Following a competitive application process, Jarin Eva Ph.D. ’25, a student in the Educational Policy, Planning, and Leadership in Higher Education doctoral program, has been selected as one of 40 ambassadors for the American College Personnel Association (ACPA). The organization uses a network and resource approach to support graduate students and new professionals dealing with institutionalized culture in a manner that promotes systematic change in higher education and student affairs departments. As an outgrowth of the National Association of Appointment Secretaries (NAAS), which was founded in 1924 by May L. Cheney, at a time when women were not allowed to join associations, ACPA’s work now reflects Cheney’s original vision of equity and inclusion established almost 100 years ago.
The ACPA Ambassadors specifically focus on ways to support the needs of graduate students and new professionals in higher education and student affairs in the United States and internationally. They form the Graduate Student New Professionals Community of Practice (GSNPCOP). In this role, Eva can attend ACPA’s open business meetings and award sessions at the annual conference, submit program proposals for ACPA-regulated conferences, review scholarship submissions, host webinars, and attend monthly ACPA events. “This opportunity has allowed me to work with students from Miami University on a program proposal, participating in collaborative partnerships that will have international exposure” shares Eva.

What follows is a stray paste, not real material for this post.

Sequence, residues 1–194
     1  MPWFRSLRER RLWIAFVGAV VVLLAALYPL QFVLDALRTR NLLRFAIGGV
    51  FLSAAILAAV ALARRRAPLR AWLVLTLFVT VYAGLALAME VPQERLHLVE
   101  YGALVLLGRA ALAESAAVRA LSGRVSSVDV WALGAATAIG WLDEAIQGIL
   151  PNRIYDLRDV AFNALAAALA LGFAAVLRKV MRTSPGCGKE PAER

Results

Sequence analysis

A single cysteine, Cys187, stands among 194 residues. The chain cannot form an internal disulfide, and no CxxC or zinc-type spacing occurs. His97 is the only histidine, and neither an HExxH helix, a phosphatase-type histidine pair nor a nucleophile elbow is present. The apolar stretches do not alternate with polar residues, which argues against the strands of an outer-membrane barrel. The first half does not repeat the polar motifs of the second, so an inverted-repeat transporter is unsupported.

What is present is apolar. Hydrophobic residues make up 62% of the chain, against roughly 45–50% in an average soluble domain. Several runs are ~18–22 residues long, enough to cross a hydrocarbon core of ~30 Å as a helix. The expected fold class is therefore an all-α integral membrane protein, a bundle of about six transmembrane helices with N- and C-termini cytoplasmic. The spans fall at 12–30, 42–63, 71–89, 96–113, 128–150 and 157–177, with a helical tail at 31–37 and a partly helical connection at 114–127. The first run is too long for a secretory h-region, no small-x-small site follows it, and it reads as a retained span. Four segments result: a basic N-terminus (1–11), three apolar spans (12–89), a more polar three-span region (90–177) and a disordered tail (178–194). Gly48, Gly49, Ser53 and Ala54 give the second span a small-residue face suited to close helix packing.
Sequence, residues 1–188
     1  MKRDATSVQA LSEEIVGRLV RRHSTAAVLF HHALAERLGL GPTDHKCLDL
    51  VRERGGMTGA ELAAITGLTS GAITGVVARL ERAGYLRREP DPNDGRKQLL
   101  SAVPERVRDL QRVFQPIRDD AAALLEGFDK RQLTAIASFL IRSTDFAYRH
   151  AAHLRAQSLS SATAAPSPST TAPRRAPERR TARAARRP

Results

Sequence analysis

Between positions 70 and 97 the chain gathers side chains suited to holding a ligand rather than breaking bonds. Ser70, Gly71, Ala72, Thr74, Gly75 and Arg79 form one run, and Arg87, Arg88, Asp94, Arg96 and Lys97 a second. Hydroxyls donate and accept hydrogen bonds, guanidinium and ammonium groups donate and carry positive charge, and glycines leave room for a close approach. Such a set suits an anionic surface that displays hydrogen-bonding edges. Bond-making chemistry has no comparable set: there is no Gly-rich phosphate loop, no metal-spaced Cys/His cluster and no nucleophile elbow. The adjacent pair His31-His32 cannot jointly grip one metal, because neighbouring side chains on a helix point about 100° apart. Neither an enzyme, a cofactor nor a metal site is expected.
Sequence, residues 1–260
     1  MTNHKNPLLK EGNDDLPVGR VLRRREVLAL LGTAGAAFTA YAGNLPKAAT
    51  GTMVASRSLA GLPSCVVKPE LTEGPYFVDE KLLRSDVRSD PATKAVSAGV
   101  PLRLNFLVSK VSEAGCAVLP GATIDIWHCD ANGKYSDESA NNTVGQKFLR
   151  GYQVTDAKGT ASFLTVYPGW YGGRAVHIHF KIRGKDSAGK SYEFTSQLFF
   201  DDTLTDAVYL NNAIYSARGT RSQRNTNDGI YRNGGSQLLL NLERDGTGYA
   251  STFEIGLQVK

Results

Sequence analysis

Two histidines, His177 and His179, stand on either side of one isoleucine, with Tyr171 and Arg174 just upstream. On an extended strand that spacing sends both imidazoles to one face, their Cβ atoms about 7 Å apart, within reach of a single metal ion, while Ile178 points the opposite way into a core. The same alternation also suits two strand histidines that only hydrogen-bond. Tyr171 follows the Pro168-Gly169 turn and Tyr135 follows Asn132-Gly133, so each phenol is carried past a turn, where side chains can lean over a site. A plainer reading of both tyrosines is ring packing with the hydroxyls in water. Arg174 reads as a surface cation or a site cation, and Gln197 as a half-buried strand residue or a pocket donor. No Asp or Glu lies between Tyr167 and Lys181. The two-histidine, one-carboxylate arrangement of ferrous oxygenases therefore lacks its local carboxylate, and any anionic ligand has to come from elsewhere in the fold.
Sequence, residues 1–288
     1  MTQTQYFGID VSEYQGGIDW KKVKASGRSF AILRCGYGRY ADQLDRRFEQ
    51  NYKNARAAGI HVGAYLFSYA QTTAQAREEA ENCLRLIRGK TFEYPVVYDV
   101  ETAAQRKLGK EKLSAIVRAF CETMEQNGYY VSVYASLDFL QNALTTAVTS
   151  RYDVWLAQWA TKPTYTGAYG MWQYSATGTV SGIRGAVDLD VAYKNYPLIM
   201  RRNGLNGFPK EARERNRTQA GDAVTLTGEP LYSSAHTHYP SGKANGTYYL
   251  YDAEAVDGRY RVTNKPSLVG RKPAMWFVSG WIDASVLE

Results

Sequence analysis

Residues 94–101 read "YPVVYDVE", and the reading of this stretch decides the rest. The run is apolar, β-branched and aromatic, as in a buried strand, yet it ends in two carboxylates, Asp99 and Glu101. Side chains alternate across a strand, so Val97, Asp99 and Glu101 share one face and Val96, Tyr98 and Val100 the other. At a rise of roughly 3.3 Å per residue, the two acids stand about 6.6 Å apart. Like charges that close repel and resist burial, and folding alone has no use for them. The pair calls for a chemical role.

When reflecting on this opportunity, Eva notes its power to connect her to a broader and diverse network, “I applied for the ambassador role because of the network. You are able to meet interesting people in education and business through monthly conversations where we discuss concerns facing leadership roles in different contexts. It is very intriguing and unique.” In 2020, ACPA had 6,500 active individual members and 500 institutional members. In addition to a diverse network, ACPA also opens doors for women in leadership. “Every year there is a conference where different women leaders propose solutions to their own institution’s current problems, and it is so interesting to hear from them what it takes to be a leader” comments Eva.
The ambassador role and the experiences it provides directly connects to Eva’s coursework at William & Mary. “In my quantitative research methods course, I am learning about topics related to social justice and race. ACPA gives me direct access to talk to different leaders, which helps me better understand the culture and competencies. As I am interested in public advocacy, I am interested in learning about different backgrounds. Now I am approaching higher education topics by understanding it from a social justice perspective” reflects Eva.Eva shares her excitement to serve as an ambassador for ACPA, “I was passionate about wanting to get into a platform to learn about publishing opportunities, and I know that guidance is important. I am very excited for their conference and to have opportunities as an ambassador to write about what I am interested in.”